Trust welcome review team

washing handsNorthern Devon Healthcare NHS Trust will be welcoming a team from the Department of Health this month to help in the ongoing battle against MRSA and other infections in hospitals.

More than 70 other trusts have already benefited, with improvements of between 16% and 34% in MRSA levels in the wake of what are known as ‘improvement reviews’.

The visit reflects the seriousness with which the issue of infections is being taken at all levels of the Department and of the Government, as well as by patients and the wider public.

It comes as the Trust is gearing up for a major campaign to raise awareness of the dangers of infection, both internally and in the wider community.

It also follows an inspection by the Healthcare Commission, the independent health watchdog body, which has highlighted many areas of good practice at the Trust.

MRSA totals are largely unchanged in the Trust this year, though about half of the Trust’s reported cases are being brought in from outside rather than being acquired after arrival.

However, the Trust’s target for this financial year is for there to be no more than 12 cases of MRSA cases – a tough challenge. By the end of August, there had been nine.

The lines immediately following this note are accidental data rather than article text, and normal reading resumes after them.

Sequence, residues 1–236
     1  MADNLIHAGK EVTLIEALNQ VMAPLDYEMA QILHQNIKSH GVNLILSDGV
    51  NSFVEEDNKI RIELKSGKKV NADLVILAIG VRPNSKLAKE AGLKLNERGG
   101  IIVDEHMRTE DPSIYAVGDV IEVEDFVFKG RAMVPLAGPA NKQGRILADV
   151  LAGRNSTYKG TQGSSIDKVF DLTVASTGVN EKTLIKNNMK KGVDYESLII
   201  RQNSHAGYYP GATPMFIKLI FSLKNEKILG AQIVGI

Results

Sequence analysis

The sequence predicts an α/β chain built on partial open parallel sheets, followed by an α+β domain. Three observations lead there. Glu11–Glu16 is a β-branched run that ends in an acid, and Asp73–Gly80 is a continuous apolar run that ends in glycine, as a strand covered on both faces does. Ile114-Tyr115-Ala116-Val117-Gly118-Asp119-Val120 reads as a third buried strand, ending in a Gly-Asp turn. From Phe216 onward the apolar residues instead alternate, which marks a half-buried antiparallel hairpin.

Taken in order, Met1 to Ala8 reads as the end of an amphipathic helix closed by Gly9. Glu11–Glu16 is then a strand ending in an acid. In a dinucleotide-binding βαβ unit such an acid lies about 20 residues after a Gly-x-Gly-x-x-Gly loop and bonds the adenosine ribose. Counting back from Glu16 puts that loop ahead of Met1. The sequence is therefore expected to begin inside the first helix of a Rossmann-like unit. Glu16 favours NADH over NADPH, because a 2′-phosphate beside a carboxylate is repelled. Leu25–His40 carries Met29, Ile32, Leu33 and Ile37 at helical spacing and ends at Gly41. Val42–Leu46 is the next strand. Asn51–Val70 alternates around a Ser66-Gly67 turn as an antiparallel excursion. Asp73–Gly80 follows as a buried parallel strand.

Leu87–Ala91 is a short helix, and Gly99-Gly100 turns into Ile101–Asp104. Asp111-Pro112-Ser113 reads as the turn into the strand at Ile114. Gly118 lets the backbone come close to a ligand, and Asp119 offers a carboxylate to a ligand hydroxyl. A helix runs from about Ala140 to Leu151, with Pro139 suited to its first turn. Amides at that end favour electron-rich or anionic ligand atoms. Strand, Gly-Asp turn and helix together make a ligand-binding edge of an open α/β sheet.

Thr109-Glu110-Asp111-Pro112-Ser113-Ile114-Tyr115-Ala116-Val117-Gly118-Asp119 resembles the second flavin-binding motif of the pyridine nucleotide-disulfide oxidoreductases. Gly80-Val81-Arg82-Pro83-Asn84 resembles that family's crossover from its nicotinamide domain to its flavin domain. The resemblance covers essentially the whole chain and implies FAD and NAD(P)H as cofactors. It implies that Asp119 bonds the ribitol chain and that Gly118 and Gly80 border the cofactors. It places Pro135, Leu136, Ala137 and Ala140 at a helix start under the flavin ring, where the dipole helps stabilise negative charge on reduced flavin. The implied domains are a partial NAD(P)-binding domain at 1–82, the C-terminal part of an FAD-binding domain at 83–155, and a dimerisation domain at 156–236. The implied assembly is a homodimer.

The number of cases of Clostridium difficile (C Diff) – the other main, dangerous infection – is much lower than 18 months ago, though there was a small increase in April-June this year.

The Department of Health team will be conducting interviews with staff from across the Trust. They will also be visiting a number of wards and other clinical areas to gauge how infection control is understood and managed.

The Trust will then work with the Department on any actions that arise from the review.

Trust Chief Executive Jac Kelly said: “We very much welcome this visit. MRSA and other infections are a huge issue for the NHS, so it’s good to get this sort of on-the-spot help in North Devon.

“I’d like to reassure people that dangerous MRSA infection remains very rare. But any number of cases is too many, which is why we’re aiming to launch our own campaign shortly to raise awareness, as well as continuing to strengthen internal controls.

“Lots of people carry the MRSA bug without ever suffering ill effects. But it’s when they come into hospital and may pass it on to vulnerable people that the problems arise.”

Posted in News.

Last updated: March 6, 2018